Both humans and mammals have a set number of teeth that they should have, including both primary (baby) teeth and permanent (adult) teeth. It is an anatomical abnormality for someone to not have this specific number. These abnormalities include cases in which people have more than the “normal” number of teeth and those in which people have less. These conditions may stand alone, or they may be associated with various syndromes or genetic abnormalities.
Hyperdontia literally means too many teeth. A normal, healthy human child has twenty baby teeth, and a healthy human adult has thirty-two permanent teeth. The condition of hyperdontia means that a person has more teeth than these normal numbers.
While having fewer than the normal number of teeth (referred to as hypodontia) is more prevalent, a single “extra” tooth is very common. Some people also experience multiple extra teeth in various areas of the upper and lower jaws. We often refer to these additional teeth as “supernumerary”.
One of the more common types of hyperdontia is a single extra tooth that develops between the upper front teeth, usually on the roof of the mouth, called a mesiodens. These commonly occur during adolescence. Other common areas of hyperdontia include the premolar and wisdom tooth regions.
The “extra” teeth of hyperdontia are rarely normal, full-sized teeth. They typically have a smaller size and an abnormal shape. Many lack well-developed root structure. If they do push through the gums into a position where they are visible, which is uncommon, they are not likely to appear normal.
Hyperdontia is the result of a malfunction in the tooth formation process. In many cases, this malfunction is simple and unexplained. As a new tooth is forming, the wrong cells replicate and develop an “extra” tooth.
In other cases, the developmental malfunction has underlying causes, which may include genetic abnormalities or conditions affecting other tissues in the body. Because the formation of teeth is closely related to the formation of bone, some conditions or syndromes will affect them both, like cleidocranial dysplasia. When the cause of hyperdontia is an underlying problem, doctors can typically detect that underlying problem before anyone notices problems with the teeth. It is rare that hyperdontia would be the first sign of a problem because of the age at which teeth erupt into the mouth.
The diagnosis of hyperdontia is quite simple. If the extra tooth or teeth have made their way into the mouth, the dentist can diagnose with a quick visual examination. Your dentist knows how many teeth each person should have at his or her age and also easily recognizes abnormally shaped or sized teeth.
For those extra teeth that have not yet erupted through the gums, the dentist can detect them through dental x-rays and three-dimensional imaging like CBCT. Hyperdontia can show up on dental x-rays at a very early age. By having your children see a dentist consistently, you will catch any “extra” teeth as early as possible.
It is unlikely that your dentist would be the first to notice any underlying conditions that could lead to hyperdontia (simply because the child’s medical doctor probably detected issues earlier in life, before the teeth come in). If there is reason to suspect such an underlying condition exists, your dentist will refer you to your medical doctor for assessment.
When your dentist informs you that your child has additional teeth in excess of the normal number, he or she will also explain to you what you need to do about it. The treatment recommended will depend on your child’s age. There are cases in which you can delay any treatment until the child is older and/or more mature.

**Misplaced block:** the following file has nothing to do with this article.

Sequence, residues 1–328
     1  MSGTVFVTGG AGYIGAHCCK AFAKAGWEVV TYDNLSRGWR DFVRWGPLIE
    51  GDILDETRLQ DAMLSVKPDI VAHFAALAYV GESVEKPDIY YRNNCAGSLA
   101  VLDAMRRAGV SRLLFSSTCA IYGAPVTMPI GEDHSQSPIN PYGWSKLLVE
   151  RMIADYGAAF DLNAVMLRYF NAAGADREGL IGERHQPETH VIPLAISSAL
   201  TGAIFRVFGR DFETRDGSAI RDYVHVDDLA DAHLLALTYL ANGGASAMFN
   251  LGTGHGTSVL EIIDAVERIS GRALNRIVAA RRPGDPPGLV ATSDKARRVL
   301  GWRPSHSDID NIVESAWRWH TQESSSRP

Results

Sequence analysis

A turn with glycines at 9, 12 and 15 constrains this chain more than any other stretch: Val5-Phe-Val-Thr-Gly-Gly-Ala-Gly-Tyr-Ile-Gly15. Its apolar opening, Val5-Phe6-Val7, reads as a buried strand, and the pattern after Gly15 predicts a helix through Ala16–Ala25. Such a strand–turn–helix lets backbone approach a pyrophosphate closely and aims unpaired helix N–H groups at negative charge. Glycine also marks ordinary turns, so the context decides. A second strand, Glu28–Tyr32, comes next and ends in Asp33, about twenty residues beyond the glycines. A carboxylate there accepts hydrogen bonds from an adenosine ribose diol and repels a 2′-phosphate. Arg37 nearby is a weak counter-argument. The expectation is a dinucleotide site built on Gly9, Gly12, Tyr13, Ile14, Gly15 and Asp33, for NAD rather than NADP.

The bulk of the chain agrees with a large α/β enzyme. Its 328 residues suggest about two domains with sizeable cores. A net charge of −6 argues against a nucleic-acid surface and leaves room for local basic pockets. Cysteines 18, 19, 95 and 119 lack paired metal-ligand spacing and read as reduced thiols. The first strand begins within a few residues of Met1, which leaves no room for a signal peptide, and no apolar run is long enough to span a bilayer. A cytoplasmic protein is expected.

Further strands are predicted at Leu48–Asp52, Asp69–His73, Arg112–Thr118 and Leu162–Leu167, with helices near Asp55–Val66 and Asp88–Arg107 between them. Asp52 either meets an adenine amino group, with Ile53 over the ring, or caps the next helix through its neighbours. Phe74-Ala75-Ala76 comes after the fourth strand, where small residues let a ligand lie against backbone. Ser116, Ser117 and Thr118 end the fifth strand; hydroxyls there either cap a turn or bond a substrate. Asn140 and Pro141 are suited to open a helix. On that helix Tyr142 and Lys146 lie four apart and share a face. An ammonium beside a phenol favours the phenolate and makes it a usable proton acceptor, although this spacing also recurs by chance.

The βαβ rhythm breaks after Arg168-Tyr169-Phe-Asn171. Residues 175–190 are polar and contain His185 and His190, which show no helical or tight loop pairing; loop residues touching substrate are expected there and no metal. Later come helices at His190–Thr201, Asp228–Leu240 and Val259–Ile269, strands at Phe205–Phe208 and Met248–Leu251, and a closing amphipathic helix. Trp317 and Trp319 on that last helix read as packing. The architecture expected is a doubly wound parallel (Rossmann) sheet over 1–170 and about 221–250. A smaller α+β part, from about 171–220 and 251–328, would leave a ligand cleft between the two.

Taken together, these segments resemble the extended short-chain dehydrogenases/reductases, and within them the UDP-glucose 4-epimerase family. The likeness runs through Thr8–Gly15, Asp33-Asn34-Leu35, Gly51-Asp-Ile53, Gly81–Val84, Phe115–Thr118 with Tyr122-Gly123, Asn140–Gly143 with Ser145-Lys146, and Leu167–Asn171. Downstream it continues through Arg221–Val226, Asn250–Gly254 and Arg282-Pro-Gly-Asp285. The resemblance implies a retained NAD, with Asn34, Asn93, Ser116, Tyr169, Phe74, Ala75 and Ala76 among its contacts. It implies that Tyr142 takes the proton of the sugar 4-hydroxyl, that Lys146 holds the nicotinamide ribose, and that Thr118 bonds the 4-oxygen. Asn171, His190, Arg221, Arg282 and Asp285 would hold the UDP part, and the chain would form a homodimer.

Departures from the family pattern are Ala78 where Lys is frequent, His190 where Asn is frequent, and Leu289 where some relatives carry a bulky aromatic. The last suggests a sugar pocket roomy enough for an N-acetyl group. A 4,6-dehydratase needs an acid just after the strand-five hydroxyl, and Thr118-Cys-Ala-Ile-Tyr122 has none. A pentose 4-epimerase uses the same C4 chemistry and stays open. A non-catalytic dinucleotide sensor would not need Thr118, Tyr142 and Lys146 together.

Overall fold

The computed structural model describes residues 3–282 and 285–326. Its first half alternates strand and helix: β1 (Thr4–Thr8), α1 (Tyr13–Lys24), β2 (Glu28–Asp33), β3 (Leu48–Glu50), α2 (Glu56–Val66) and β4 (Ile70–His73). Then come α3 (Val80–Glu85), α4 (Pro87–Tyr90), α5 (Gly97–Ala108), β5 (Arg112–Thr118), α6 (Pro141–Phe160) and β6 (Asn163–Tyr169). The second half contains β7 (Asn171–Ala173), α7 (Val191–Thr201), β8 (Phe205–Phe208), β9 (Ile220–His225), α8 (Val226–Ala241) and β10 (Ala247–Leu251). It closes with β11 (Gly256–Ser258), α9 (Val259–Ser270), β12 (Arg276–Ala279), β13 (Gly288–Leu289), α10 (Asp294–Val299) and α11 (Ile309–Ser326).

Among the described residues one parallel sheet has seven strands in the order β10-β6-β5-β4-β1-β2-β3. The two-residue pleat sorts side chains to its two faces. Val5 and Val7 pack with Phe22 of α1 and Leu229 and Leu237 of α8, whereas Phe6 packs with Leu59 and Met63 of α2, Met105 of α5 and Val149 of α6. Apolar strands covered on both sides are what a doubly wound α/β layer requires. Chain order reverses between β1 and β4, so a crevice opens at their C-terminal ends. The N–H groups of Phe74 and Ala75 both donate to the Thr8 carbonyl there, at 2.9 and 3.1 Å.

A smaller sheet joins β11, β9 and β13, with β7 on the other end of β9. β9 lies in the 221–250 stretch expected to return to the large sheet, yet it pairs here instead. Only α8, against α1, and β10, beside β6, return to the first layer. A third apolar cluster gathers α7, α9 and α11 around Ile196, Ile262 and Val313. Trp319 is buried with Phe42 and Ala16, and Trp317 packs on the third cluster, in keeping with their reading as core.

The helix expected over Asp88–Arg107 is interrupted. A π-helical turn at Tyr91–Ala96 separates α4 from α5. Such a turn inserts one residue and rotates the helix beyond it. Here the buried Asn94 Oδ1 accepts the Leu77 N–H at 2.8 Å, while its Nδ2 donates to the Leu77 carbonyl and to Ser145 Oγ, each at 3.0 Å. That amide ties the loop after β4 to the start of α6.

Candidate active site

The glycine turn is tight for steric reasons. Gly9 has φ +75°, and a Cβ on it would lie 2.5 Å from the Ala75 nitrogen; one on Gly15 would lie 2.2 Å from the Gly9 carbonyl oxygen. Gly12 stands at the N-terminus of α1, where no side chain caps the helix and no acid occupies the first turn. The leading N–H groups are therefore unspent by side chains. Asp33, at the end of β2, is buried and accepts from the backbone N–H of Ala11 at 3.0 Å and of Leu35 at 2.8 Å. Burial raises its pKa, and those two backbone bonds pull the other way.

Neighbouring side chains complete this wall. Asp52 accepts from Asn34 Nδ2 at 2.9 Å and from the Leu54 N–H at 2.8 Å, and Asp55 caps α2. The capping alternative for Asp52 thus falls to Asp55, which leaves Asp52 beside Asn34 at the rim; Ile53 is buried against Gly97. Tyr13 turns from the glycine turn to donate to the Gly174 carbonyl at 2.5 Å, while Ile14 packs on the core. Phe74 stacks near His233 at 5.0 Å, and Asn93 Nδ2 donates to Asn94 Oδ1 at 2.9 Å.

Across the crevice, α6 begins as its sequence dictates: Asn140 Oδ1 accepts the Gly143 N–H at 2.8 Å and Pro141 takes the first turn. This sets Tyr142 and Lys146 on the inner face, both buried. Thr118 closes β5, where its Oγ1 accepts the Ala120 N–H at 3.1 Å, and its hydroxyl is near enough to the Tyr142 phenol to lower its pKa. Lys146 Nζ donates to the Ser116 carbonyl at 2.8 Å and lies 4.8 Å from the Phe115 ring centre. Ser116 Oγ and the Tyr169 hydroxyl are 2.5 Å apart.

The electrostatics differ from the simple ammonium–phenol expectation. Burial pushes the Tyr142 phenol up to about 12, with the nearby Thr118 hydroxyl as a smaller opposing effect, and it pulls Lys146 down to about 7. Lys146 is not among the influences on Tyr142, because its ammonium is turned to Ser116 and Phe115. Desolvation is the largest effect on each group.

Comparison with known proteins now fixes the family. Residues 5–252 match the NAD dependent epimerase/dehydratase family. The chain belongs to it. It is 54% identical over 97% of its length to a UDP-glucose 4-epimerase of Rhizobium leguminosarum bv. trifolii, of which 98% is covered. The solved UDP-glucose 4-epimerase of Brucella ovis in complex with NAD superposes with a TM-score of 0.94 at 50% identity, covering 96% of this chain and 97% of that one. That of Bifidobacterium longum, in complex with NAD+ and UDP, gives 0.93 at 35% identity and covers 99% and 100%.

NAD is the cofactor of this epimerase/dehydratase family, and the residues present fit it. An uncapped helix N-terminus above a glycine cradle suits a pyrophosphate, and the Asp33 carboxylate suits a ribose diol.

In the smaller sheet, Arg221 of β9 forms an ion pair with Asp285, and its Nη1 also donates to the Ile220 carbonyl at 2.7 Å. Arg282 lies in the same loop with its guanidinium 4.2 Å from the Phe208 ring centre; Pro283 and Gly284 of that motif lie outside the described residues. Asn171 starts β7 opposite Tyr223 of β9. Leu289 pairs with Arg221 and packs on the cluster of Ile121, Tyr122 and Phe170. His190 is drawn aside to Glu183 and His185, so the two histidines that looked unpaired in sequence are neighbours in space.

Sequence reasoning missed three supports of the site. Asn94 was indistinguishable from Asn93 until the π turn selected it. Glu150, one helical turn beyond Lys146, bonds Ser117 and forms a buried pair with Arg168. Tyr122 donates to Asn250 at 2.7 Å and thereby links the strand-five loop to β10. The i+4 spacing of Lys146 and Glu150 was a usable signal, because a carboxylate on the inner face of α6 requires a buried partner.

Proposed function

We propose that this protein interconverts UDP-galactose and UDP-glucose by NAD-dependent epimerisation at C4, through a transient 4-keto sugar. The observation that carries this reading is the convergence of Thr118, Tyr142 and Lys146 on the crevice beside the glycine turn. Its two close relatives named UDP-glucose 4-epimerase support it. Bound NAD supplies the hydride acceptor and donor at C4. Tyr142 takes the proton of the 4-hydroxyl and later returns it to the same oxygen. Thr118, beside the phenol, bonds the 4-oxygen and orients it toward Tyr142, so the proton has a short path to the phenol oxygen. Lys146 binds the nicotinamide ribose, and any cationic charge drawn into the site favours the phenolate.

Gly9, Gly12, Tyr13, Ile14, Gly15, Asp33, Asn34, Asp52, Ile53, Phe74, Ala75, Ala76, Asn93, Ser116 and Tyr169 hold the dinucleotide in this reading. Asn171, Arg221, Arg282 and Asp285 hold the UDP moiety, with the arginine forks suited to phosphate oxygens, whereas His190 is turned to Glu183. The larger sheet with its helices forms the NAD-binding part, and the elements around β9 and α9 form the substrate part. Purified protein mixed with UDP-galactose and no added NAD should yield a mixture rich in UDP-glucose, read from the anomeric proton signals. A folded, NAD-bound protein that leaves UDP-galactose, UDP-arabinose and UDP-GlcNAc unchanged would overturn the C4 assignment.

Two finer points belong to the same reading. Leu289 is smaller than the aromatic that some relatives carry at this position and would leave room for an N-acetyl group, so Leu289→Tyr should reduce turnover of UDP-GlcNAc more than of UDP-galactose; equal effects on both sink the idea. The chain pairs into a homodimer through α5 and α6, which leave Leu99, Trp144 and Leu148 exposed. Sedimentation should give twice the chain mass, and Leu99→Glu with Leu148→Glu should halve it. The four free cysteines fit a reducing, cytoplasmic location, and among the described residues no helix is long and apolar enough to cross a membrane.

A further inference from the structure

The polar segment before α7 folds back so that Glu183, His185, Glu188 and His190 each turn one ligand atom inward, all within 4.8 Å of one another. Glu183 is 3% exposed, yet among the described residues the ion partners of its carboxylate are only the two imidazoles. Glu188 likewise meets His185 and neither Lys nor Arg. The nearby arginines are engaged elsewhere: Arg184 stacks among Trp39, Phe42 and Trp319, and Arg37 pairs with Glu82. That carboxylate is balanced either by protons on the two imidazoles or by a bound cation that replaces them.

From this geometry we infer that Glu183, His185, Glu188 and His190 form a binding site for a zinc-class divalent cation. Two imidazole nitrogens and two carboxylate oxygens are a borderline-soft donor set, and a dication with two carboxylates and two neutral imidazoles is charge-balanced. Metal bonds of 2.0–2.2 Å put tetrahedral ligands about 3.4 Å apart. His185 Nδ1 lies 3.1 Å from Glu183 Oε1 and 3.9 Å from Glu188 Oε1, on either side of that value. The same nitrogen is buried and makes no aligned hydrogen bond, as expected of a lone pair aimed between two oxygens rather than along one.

In most cases, the treatment necessary to “fix” the problem of hyperdontia is to remove the additional teeth through extraction. These extractions can be very simple for supernumerary teeth that have come through the gums with underdeveloped root structures. They can also be quite complex if the additional tooth is impacted into the jawbone or pressing into other vital anatomical structures, like nerves or neighboring tooth roots.
Humans have a specific number of teeth for a reason. Adding extra teeth to dental arches that are already too small to accommodate most wisdom teeth will lead to future problems. There are multiple consequences that could arise from leaving supernumerary teeth in the mouth.
The first and most likely consequence to having too many teeth in a dental arch is orthodontic crowding. The upper and lower jaws are not large enough to make room for additional teeth. Either these teeth will come into the mouth in a crooked position, or they will force their neighboring teeth into crooked positions.
You can prevent this crowding by removing the extra tooth or teeth early, allowing the proper teeth to come into alignment.
When an extra tooth remains in the jawbone, it can damage the adjacent teeth by applying pressure to the roots. This leads to a process known as resorption. As the extra tooth develops and leans into its neighboring tooth roots, that delicate root structure can simply dissolve.
When extra teeth exist in the mouth, they are rarely in a natural alignment. Instead, they erupt to one side of the nearest teeth, either on the side toward the lip and cheek or inside toward the tongue. Typically, this will cause an arrangement that does not allow for healthy gum tissues. Instead, the overlapped teeth trap large amounts of plaque buildup, which is very difficult to clean away. This excessive plaque buildup leads to inflammation of the gums (gingivitis) and eventually full-blown gum disease (periodontitis), which is a spreading bacterial infection.
Call your nearest Premier Dental of Ohio location today to schedule a consultation for yourself or a loved you that you suspect of having hyperdontia. We can assess your situation and advise you of any abnormal tooth conditions.